Last year I wrote a short story for a competition about a mother trying to be Superwoman for her young son with autism. I will post said story on here soon. People said some very nice things about the story, but what struck me more was how many people said ‘you know, I read your story and realised that I don’t know very much about autism at all.’ And so my brain starting thinking about that.
I work with adults with autism, I know quite a lot about autism, and I always want to know more. I remember when I first entered training and read books about autism, people said there would never be an end to the learning because there is always something more to know. I didn’t really believe them. However I quickly realised that this was a very ignorant and fairly arrogant point of view. Since I started work where I am I have learnt that there never will be an end to my training. The length and breadth of the autism spectrum is a long and wide as humanity itself.
That said, however, I do know quite a lot about autism and I have found that my mind loves to work things out. I love the challenge of searching for solutions and answers to a problem or a stumbling block for someone with autism. I love the sense of achievement when I see that something I and my colleagues have figured out and embedded strategies for allows someone to go through their day with less anxiety and less confusion.
I’ve also realised that in spite of some very good (and unfortunately some not so good) books and films about autism in all its forms (and I may review some of them at a later date) there still remain huge numbers of people who know very little about the spectrum. I once came across this t-shirt which I think is just great:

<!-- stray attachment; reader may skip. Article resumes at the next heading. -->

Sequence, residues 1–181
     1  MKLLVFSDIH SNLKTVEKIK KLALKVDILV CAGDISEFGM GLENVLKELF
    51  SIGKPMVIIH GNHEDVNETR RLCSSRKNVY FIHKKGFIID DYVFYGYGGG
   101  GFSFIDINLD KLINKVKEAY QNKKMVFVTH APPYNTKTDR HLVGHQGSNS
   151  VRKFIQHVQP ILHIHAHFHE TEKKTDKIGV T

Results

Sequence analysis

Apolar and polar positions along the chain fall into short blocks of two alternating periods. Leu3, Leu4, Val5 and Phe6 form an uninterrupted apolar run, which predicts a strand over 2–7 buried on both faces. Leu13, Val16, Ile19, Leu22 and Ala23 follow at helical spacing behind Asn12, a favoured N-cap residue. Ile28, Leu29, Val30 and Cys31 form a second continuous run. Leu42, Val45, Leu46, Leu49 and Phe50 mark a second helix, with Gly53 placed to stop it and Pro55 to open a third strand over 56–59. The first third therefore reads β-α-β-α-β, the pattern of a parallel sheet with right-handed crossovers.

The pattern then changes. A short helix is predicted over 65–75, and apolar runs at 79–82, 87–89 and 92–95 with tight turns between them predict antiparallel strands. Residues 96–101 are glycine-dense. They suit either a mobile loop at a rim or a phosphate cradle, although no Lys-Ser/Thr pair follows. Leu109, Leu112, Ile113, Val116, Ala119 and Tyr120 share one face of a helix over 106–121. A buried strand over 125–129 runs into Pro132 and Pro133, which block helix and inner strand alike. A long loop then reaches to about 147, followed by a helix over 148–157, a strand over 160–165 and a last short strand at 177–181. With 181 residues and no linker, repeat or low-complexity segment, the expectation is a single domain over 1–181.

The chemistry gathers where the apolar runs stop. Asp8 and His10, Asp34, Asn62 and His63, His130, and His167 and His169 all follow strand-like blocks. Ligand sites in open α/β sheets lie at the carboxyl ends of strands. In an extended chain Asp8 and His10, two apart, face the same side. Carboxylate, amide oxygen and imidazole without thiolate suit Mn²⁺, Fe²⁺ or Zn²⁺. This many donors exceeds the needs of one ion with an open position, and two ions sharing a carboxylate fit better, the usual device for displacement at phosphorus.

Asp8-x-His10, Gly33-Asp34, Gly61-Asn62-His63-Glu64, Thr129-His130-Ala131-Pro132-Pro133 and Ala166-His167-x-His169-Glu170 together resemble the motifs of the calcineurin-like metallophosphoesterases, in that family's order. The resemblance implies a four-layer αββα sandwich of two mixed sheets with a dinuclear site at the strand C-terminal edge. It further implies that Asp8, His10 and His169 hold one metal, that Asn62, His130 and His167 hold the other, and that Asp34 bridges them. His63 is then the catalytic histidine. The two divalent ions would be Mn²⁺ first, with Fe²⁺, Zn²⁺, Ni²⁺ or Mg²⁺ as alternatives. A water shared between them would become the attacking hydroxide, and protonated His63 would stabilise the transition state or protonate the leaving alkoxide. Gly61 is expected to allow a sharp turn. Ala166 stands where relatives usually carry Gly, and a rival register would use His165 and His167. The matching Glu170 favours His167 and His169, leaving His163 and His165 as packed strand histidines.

For me, this sums up autism for a lot of people. They don’t know about it or understand it and so it’s scary and un-nerving. And I accept that. Autism was un-nerving for me too until I got to know more. The problem is when lack of knowledge in the right places means all these people with autism don’t get the right support, help, benefits or accommodation. In the related articles below there is one from not that long ago about the damage that can be caused when social workers don’t know enough about autism to find the right services for their case load. I think I’d be so bold as to add that on top of this there is the problem of social workers having case loads that are far too big and so they can’t take the time to get to know anyone properly. But this would lead on to a whole different debate that is maybe best left for another day. I would definitely recommend the link to Temple Grandin talking The Autistic Brain. She is excellent.
For now I will just leave with the promise of more autism blogs soon. I will tell you what I know about how autism affects people, about how it’s different in each individual, about sensory processing, about teaching strategies and anything else I can think of. I hope you find it at least a little bit as interesting as I do.
- Autistic adults ‘failed by social services’ (centrallobby.politicshome.com)
- The Tech Industry’s Asperger Problem: Affliction or Insult?
- Temple Grandin: The Autistic Brain (fora.tv)
- Autism Awareness around the World (guardianlv.com)
- Care system failing people with autism, says charity (guardian.co.uk)